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Lotus: the next generation

So, here I am at Lotusphere. Whoever invested Disneyworld should be sent for many years of therapy. It is not a happy place. But I digress. Lotus is at a interesting transition in its history. I have a warm feeling for Lotus. I was first introduced to Lotus Notes in 1988 quite by accident. My daughter was in day care with Irene Greif’s son. She told me about a cool new platform that Lotus was working on and urged me to come see it. It had interesting potential but it was very early. The rest is history. The first couple of generations of Lotus Notes was big, complicated, and server centric. Now the focus has changed — Lotus is about dynamic collaboration across corporate boundaries for a new generation of customers.

The theme for the meeting was “emergence” — it is a definitely better theme than innovation which is slightly over used these days (that was a joke…right). What does emergence mean? Mike Rhodin, GM of Lotus expanded it as providing you with the ability to respond by using your information to your advantage. I think it might have a second meaning: could this be the emergence of Lotus — finally as a ubiquitous platform that matters? It is not a simple question to answer but here is my take.

Lotus continuing its dramatic transformation to a true collaborate ecosystem. Much of the transition is taking place behind the scenes. I think there are four points of emergence that are important:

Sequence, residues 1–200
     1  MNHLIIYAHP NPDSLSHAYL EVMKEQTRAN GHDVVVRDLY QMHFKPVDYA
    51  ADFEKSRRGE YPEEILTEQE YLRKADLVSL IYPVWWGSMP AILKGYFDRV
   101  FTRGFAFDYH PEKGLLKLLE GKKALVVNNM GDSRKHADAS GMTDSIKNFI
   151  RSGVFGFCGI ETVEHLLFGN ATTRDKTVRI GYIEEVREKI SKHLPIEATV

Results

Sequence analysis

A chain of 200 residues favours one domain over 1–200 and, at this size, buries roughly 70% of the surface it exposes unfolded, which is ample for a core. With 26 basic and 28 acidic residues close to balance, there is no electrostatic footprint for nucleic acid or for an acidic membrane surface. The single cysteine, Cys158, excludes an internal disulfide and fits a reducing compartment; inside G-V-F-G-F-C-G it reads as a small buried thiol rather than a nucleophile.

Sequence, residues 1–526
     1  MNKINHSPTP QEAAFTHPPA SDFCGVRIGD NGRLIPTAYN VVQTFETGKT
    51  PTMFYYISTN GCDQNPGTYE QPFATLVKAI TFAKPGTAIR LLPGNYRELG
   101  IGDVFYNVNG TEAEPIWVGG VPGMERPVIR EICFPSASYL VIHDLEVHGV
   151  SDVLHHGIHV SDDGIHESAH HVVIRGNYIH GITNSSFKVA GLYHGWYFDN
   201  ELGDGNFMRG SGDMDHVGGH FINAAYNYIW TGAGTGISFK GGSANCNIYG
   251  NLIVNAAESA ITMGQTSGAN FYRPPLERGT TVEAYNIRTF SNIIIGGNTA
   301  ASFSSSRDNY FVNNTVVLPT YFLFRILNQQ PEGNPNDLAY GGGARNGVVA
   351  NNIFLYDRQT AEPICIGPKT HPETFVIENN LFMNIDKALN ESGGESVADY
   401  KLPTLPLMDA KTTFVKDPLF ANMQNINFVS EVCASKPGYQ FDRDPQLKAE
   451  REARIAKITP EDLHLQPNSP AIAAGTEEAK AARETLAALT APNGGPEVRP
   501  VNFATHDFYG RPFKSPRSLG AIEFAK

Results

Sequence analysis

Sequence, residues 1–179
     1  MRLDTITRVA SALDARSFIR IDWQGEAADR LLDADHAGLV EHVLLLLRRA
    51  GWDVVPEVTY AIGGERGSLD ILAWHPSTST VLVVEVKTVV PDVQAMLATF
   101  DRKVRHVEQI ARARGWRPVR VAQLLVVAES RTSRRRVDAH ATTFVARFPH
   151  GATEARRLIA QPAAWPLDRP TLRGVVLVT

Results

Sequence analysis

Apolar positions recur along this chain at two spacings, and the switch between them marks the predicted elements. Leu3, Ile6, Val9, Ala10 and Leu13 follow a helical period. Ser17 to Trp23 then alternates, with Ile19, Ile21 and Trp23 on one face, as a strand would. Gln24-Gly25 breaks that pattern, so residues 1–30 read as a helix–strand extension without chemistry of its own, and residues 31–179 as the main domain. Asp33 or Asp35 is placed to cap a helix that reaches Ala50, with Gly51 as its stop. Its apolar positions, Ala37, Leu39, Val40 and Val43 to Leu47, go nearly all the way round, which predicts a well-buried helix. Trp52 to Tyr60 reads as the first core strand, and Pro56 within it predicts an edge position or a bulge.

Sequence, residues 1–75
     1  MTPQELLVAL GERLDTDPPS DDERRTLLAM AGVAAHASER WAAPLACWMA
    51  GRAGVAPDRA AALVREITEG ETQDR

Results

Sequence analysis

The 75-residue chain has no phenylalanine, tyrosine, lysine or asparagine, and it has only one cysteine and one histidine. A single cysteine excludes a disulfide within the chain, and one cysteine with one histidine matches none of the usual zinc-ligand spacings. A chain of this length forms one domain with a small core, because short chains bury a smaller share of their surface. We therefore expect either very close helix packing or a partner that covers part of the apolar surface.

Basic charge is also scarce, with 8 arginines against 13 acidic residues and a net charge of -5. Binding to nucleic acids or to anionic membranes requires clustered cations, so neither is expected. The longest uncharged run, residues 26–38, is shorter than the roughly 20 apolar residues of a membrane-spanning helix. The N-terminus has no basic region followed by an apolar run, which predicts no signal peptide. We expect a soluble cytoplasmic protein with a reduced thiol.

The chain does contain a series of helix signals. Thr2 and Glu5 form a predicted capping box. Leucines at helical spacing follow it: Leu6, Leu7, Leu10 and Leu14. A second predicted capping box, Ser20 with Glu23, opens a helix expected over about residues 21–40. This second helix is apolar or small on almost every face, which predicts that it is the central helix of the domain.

1. Lotus begins to move into Software as a Service (SaaS) with a hybrid model. This model will include a packaged appliance as well as SaaS offerings such as Bluehouse and the previously announced Symphony office software. I expect that IBM will offer combinations of some SaaS combined with some on premise software.

2. A new platform called Bluehouse goes into beta with an interesting focus on next generation collaboration with a people centric view of the world. I have had three demos of Bluehouse so far and plan to participate in the forthcoming beta. It is early to be sure. But the idea of creating a platform that allows virtual organizations and teams to collaborate is intriguing. I think there is more here than meets the eye.

3. An ambitious acquisition strategy to help IBM move beyond its legacy platforms. IBM had made some interesting acquisitions that support a collaboration strategy including Unyte for web conferencing and Net Integration Technologies for packaging Lotus into an appliance for the mid market.

4. A different model of packaging and partnering. Lotus is leveraging emerging standard interfaces and the new collaborative platforms to rethink packaging and partnering within both the mid market and the enterprise. This model will be based on rethinking the economics of creating customer and partner ecosystems. The Symphony product suite, based on open office, provides a free platform for ISVs to integrate office capabilities into their environment. This could have dramatic implications for ISVs who sell into the mid-market where margins and prices are low.

IBM has the opportunity to leverage its enterprise focused assets as its moves down and across customer virtual ecosystems. How about security offerings or management software modularized as a set of business services that can be added to a basic application as needs mature. The potential for IBM to leverage everything from its extensive work in service oriented architectures to its knowledge based on working with customers on innovation and people management are quite fascinating. It is indeed early but I think the signs of something significant is emerging here. IBM would be wise to follow its instincts and move boldly into this new generation and really emerge.

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